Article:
The Internet never fails to amuse me with its funny way of delivering retribution, from the Xbox 360 thief who ended up with his whole identity posted online to that ongoing battle between Scientology and Anonymous (both as nuts as each other). It’s like it’s a big instrument of karma, capable of great solidarity when it’s not calling you a ‘faggot’ on Xbox Live.
The latest victim is a Times journalist, Giles Whittell. In a recent column, he says:
“I hate video games, on or offline. I hate the way they suck real people into fake worlds and hold on to them for decades at a time. I hate being made to feel hateful for saying so, and I hate being told to immerse myself in them before passing judgment, because it feels like being told to immerse myself in smack and teenage pregnancy before passing judgment on them.“
Maybe I’m editorialising, but I think that can be translated as: “I’ve made my mind up, and I shouldn’t have to inform my opinion.” Don’t even get me started on that utterly ridiculous equation that he makes. Good journalism, then.
Thankfully, the wrath of Internet gamers has been both swift and (occasionally) witty. Giles Whittell has written several books, which are available on Amazon (I’m posting some of the reviews below so as to avoid having to publicise the books by linking to them), and Amazon has the handy feature of allowing people to post reviews, whether or not the readers have immersed themselves in the book. Let the games commence:
[On ‘Spitfire Women of World War II’] “Reading this book, it’s clear the author researched this book without immersing himself in the topic. He has clearly never been near a spitfire, World War II or indeed women.”
“I can say that, without a doubt, this is the most colossal waste of time I have ever partaken in. And, in the true style of the author, I didn’t even have to read it to make that judgement. I’ll get back to my smack now.”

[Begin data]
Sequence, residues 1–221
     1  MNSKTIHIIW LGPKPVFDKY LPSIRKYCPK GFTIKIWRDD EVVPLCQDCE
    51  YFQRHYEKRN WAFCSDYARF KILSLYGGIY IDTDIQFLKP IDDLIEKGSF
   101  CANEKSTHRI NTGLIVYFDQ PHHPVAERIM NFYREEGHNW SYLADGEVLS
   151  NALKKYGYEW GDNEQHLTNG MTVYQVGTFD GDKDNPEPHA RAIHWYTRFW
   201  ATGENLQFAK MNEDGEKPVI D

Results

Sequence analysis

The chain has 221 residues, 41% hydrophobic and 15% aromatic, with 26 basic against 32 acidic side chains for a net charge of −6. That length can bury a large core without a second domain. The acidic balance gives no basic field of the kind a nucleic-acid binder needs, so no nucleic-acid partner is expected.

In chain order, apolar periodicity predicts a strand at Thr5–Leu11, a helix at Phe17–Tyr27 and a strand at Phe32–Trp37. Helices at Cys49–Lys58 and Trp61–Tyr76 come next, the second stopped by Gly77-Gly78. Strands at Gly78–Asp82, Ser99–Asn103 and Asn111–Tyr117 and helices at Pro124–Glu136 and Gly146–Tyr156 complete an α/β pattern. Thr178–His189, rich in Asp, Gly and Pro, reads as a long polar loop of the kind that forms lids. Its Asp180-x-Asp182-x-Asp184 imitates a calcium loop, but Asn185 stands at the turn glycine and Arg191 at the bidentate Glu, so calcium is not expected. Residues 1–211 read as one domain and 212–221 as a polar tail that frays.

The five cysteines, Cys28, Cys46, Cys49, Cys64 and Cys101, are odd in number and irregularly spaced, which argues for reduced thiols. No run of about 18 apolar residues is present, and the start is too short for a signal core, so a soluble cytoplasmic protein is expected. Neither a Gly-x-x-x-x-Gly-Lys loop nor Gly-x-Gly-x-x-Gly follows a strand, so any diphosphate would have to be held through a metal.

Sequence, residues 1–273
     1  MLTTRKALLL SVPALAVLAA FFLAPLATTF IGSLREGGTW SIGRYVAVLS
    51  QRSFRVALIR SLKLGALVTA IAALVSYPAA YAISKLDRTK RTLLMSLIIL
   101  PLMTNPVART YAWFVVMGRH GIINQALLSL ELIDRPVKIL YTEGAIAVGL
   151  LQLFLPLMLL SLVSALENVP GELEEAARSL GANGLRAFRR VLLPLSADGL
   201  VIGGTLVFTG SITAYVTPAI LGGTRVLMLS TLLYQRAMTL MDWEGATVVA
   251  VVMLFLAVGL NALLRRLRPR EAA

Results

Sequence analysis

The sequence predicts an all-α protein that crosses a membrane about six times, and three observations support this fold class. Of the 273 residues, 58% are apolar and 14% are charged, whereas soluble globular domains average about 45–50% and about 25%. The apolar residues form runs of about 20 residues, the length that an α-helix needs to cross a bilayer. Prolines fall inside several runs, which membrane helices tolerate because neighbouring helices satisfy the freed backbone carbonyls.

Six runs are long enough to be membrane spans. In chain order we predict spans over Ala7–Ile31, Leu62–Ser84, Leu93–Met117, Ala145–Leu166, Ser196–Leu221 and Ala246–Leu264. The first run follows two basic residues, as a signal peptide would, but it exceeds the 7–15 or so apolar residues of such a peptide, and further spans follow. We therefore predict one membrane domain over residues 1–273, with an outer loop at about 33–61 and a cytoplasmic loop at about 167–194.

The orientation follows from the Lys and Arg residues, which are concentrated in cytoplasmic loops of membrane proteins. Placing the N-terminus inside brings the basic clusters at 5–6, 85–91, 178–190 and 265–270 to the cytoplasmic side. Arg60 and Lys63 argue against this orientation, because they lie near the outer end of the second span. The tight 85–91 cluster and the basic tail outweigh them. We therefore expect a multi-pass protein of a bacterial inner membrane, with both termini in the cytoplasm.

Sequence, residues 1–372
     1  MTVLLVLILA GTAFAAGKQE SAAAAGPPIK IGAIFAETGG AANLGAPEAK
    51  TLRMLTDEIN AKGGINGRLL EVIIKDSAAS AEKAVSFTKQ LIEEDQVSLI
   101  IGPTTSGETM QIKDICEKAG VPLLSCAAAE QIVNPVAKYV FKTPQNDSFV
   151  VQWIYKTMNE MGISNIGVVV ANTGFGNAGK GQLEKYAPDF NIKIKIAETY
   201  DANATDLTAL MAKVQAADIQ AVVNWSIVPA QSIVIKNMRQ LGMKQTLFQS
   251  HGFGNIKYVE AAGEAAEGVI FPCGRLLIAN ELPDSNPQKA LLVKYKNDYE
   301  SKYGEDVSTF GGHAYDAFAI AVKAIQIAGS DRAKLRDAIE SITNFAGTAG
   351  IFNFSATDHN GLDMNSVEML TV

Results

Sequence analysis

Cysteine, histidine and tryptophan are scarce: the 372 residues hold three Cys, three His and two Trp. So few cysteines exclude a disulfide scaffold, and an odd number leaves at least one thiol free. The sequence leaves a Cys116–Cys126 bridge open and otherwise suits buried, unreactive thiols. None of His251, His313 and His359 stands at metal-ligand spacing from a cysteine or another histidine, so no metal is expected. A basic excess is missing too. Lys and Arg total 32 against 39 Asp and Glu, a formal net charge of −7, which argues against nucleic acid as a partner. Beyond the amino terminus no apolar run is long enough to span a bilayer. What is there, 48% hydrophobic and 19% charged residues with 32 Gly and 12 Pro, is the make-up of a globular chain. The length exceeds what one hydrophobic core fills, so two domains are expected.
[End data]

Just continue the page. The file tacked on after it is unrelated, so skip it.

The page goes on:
“First off, I can’t really claim to have read this book. To be honest I don’t think I need to in order to pass judgement on it. No, let me go further, I find it quite dispicable that Giles Whittel would expect me to read this worthless, time consuming book before expressing my opinions on it. Without reading it I can already tell that Central Asia isn’t worth my time.”
“I tried to read this book, on more than one occasion, but my brain is fried from all the crack, and I’m tired all the time from my teenage pregnancy. I wish I would have involved myself in something safe like video games, I guess it is to late for that now…”
“I’ve never been to Central Asia nor have I read this book, But luckly we dont need to in order to pass judgment on it. This book is full of lies such as Asia being located north of Canada and that all Polar bears are from Asia. If you enjoyed wasting your time with Crack and getting teens pregnant then this is the book for you!”
Given that the reviewers have as much experience with Whittell’s books as he does with games, that must make them just as relevant. Oh, how I love the Internet…